The Web Creaks as Jackson Fans Mourn
June 25th, 2009 By: Rich Miller
News sites and social media posting the earliest reports of the death of pop star Michael Jackson experienced availability problems as web users around the world sought to confirm the news and learn more. TechCrunch reports that TMZ.com, which was the first to report Jackson’s passing, was soon knocked offline. Twitter soon struggled to remain available as the volume of messages surged, and turned off search features in account profiles to help manage their server load.
As the news of Jackson’s death circulated, the traffic jam spread to more large news sites. Keynote Systems reported this evening that its monitoring showed performance problems for the web sites of ABC, AOL, CBS, MSNBC, NBC, SF Chronicle, and Yahoo! News. “Beginning at 5:30pm (EDT), the average speed for downloading news sites doubled from less than four seconds to almost nine seconds,” said Shawn White, Keynote’s director of external operations said. “During the same period, the average availability of sites on the index dropped from almost 100% to 86%. The index returned to normal by 9:15pm (EDT).”
Some technologists quickly seized upon those problems as making the case for cloud computing. “There is no longer any good reason for a professional website property to go down because of load,” wrote Reuven Cohen at Elastic Vapor. “Cloud computing provides an almost infinite supply of computing capacity, be it a infrastructure as a service or platform as a service or even a traditional CDN. Not have a cloud bursting strategy in the age of cloud computing isn’t just wrong – it’s idiotic.”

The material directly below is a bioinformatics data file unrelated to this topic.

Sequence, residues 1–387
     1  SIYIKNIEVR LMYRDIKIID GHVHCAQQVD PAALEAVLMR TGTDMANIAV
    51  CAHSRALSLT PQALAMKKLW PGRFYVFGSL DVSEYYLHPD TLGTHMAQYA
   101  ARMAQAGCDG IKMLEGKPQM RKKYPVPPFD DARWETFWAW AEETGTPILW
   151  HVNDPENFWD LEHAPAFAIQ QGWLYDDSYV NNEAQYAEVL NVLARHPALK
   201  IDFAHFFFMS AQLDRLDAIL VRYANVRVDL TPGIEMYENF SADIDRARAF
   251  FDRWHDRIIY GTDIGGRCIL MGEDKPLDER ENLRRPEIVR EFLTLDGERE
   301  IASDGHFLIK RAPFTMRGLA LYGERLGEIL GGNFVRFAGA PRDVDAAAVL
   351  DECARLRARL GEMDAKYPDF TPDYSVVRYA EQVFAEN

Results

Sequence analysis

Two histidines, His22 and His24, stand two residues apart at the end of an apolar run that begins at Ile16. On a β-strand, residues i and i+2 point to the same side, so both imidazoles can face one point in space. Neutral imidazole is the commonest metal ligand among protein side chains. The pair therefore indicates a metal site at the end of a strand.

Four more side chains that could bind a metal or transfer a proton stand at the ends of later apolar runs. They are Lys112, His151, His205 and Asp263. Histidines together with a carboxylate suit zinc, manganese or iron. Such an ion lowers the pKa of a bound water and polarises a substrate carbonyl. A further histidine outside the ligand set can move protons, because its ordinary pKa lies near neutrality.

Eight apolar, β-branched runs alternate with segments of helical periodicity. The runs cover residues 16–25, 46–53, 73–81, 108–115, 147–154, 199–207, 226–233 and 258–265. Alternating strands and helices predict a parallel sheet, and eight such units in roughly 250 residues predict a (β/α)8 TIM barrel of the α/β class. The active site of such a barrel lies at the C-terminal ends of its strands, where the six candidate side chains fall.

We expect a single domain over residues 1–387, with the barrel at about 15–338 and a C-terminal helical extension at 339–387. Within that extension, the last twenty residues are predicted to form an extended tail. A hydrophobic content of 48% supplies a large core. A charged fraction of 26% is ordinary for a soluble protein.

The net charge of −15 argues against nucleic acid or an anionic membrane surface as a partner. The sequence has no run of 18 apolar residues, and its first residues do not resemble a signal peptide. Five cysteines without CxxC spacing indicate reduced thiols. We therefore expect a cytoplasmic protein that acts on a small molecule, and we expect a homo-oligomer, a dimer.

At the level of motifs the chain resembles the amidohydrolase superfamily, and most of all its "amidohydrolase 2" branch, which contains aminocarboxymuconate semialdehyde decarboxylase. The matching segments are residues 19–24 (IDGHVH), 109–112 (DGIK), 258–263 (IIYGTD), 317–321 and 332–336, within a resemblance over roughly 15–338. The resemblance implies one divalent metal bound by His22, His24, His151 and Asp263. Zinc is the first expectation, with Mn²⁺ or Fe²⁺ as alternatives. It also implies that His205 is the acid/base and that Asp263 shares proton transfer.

SearchEngineJournal examined how the major search engines fared in updating their indices to help guide searchers to the most relevant news. The verdict? “Is Google Search lagging in breaking news coverage? Indeed it is,” writes Loren Baker. “Microsoft BING however, has ABSOLUTELY FAILED in their coverage of the passing of Michael.”
JoePosted June 26th, 2009
It’s not just affecting news websites… weirdal.com takes over 10 minutes to load, and the only connection is a pair of parody songs written by Mr. Yankovic over 20 years ago.
[...] News sites and social media posting the earliest reports of the death of pop star Michael Jackson experienced availability problems as web users around the world sought to confirm the news . Read the rest here: Michael Jackson News Slows Web Sites « Data Center Knowledge [...]
[...] some data about the effect of Michael Jackson’s death on internet traffic: Keynote Systems reported this evening that its monitoring showed performance problems for the web [...]
obinna maduabuchukwuPosted June 26th, 2009
michael jackson was a very talented musician and an entertianer, he will be greatly missed by all lovers of pop music. i was rudely shocked by the news of his death. may his gentle soul rest in perfect peace.
[...] DataCenterKnowledge: Chart shows that “web creaks as Jackson fans mourn” — web site response time grows, av… [...]
JohnPosted June 26th, 2009
As someone who runs one of the sites mentioned, this does not reflect a problem with my hosts or network. None of my graphs shows any data to indicate that we are having problems. All indicators show that while we are getting traffic, its a big snooze for our hosts and internal networks.
It *is* possible that Keynote is picking up failure for certain Ad sites to deliver and then attributing that to the site as a whole, but the result is much different than what is suggested by the results. You would get a page, it would just not have the ads show up as fast.. I mean “boo-hoo”, right?